I got a registered card, since the balance protection seemed worthwhile. I don't value my privacy that much, and anyway I'm not confident that the unregistered cards are really that much more private. (Several of ACLU-WA's privacy concerns
apply to unregistered cards too.) Mostly I thought it was interesting that they make the trade-offs explicit, and offer customers a choice. Also, I think that just knowing that I could
get an anonymous card made me feel better about ordering a registered one. Another version of the see salad order fries
Via Netflix, Sarah and I are catching up on the past decade of television. Here are some of my impressions while watching The West Wing seasons one and two:
- Oh, so this is what fueled my more political friends' Obama fantasies.
- So many things seem bittersweet in hindsight:
- An administration that considers it catastrophic to have an approval rating of only 42% (in early 2000, cf. all of 2006–2009)
- Space Shuttle Columbia having problems that endanger its landing (in May 2000, cf. February 2003).
- Saying they "still don't know where bin Laden is" (in October 2000, cf. 2001–present).
- Hopefully not bittersweet in hindsight: worries throughout season one about racially-motivated assasination attempts.
- For a show that's really quite shockingly well done in almost every way, they sure do make some clumsy use of thunder and lightning when people are supposed to feel gloomy.
Wed, Feb. 18th, 2009, 08:43 am
If you ride the bus every day, you don't need an analyst to tell you about mobile technology trends. I remember the point in early 2007 when suddenly everyone on my bus had an iPod. Seriously, I'd look at the ten people sitting near me and all ten would have white earbuds. Then in 2008 people started using more different gadgets for a wider variety of purposes: playing games on a PDA, watching movies on a PSP, listening to music on a GPS unit, reading books on a Blackberry. I also saw a number of Kindle owners, though I suspect that many of them were fellow Amazon employees.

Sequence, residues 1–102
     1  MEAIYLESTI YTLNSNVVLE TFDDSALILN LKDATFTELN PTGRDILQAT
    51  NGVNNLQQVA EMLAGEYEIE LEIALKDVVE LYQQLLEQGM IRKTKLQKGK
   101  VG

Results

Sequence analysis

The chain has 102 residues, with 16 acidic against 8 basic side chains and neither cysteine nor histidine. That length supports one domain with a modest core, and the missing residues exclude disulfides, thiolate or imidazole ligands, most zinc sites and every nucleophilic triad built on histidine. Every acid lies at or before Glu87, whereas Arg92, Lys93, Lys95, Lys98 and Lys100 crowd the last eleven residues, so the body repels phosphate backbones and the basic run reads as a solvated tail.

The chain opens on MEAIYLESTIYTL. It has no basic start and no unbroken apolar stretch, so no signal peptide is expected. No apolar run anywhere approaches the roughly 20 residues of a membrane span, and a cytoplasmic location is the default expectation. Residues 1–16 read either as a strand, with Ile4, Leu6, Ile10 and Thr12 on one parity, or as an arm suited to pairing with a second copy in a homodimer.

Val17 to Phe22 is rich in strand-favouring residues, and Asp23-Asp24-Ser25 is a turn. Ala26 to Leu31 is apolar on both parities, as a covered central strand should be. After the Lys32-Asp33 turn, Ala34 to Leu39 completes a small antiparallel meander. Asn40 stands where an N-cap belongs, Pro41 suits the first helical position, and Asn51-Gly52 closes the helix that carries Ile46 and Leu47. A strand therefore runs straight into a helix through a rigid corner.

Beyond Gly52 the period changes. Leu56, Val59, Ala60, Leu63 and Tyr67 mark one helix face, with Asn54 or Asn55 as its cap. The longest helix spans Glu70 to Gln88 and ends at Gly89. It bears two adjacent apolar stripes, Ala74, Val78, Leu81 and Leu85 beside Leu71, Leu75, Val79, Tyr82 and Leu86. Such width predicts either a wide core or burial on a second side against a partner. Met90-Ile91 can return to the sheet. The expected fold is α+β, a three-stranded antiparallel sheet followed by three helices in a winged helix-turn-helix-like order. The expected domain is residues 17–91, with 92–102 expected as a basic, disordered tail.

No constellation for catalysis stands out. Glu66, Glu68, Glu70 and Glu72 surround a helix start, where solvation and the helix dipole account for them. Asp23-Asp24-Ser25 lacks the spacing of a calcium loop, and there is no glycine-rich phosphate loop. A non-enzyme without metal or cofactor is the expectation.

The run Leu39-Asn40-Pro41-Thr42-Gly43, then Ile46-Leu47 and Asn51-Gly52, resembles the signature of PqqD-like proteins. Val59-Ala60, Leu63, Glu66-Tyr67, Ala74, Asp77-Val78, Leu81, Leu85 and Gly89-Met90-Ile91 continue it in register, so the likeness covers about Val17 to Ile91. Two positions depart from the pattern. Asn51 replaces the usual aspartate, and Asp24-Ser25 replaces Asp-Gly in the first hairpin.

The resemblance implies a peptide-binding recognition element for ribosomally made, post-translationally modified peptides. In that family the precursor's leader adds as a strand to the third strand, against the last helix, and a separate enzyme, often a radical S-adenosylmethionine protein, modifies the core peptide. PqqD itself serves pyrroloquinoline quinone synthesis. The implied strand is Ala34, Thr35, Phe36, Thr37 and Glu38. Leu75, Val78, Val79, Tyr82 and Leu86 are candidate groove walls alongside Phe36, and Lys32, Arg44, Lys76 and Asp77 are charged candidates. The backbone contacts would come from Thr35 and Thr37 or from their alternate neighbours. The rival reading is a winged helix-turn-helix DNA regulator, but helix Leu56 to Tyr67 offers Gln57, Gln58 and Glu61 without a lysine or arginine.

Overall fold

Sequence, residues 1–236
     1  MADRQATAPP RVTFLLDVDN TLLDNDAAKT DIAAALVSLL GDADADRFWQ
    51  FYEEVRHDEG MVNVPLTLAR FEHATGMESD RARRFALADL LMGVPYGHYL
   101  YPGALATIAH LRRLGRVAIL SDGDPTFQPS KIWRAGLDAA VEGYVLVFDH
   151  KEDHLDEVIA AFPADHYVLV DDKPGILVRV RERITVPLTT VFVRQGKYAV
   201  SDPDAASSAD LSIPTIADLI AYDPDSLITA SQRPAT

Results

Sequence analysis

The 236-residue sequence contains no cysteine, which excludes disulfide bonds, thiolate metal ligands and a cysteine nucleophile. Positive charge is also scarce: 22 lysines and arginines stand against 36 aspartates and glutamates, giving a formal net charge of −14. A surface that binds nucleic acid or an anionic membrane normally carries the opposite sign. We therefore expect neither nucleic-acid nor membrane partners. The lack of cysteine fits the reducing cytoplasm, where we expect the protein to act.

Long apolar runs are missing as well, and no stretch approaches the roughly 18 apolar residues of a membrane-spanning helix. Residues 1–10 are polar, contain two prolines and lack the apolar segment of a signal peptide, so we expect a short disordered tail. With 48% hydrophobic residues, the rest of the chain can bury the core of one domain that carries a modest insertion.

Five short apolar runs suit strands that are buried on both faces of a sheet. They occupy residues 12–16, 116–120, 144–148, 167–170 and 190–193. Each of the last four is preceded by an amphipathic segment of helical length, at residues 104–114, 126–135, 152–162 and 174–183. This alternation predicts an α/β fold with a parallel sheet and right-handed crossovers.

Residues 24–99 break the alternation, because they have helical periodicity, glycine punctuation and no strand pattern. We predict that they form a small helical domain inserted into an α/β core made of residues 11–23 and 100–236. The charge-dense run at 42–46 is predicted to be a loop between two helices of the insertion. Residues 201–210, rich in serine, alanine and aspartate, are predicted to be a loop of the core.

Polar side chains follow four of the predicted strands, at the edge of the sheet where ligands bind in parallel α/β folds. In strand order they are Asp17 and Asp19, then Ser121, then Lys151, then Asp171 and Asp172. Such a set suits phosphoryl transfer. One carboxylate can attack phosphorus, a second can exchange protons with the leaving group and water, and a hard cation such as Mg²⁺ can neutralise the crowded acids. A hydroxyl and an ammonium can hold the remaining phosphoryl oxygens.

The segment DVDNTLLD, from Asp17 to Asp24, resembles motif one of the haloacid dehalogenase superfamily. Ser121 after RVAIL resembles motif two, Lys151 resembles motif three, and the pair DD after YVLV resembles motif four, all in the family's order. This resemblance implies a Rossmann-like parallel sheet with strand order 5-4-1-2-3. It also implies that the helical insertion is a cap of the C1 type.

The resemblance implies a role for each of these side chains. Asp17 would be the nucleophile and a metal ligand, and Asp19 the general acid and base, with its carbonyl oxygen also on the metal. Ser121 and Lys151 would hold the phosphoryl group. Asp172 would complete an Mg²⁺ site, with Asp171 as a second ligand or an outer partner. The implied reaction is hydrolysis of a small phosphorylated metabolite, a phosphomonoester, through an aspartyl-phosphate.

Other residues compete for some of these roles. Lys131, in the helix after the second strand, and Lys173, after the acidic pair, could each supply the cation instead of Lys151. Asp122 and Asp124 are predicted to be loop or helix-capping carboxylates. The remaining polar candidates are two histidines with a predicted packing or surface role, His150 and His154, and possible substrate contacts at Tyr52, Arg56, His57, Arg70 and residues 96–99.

In 2009, all of the electronics have vanished except for the phones. I guess once you have a reasonably capable phone—the one gadget you never leave at home—there's no more desire to haul around anything else. I see as many old-fashioned paper books as ever, though.
Sat, Feb. 14th, 2009, 08:05 pm
For the last couple months I've felt like I'm back at Mudd taking about six credits of algorithms and combinatory logic. My mom bought me Algorithms in a Nutshell, Statistics in a Nutshell, and Real World Haskell (highly recommended!) for Christmas and I've been working through them on the bus to and from work. Then my copy of To Mock a Mockingbird arrived at the library and I started working through the exercises in Part III. Then last week I started working obsessively on Project Euler and quickly reached level 1 (25 problems solved).
I'd glanced at Project Euler years ago, but was never motivated enough to sign up and record any solutions. Getting familiar with Haskell was a perfect excuse to try it out. Reading other people's solutions in the forums is interesting. I have three conclusions so far:
- You can sometimes beat my Haskell code in performance, but usually the only ones to beat it in conciseness are the APL/J/K programmers.
- Now I really want to learn J or K.
- For time-critical numerical algorithms, C and its kin are still important tools. I should do more of my solutions in D.
Mon, Feb. 2nd, 2009, 08:12 am
My new hobby: competing to be the least hip person in the room.
- "Dude, I didn't even know who Sleater-Kinney was until after they broke up. I was more into, like, Metallica back then."
- "Metallica? They were so much better after they sold out..."
Sat, Nov. 22nd, 2008, 01:18 pm
Oh, yeah! I work at Kiha with bellwethr now. It's nice.
I had a month off between jobs. I spent some time interviewing at several companies, served on a jury (criminal trial; drug possession, crack cocaine; guilty), and spent a lot of time playing with Eleanor and doing work around the house.
Eleanor is talking more every day. She chooses to wear pink almost all the time (despite our best efforts to give her clothes in lots of different colors). She plays make-believe games with her toys. She still wants to spend about half of each day reading books. Her favorite place to go is the grocery store.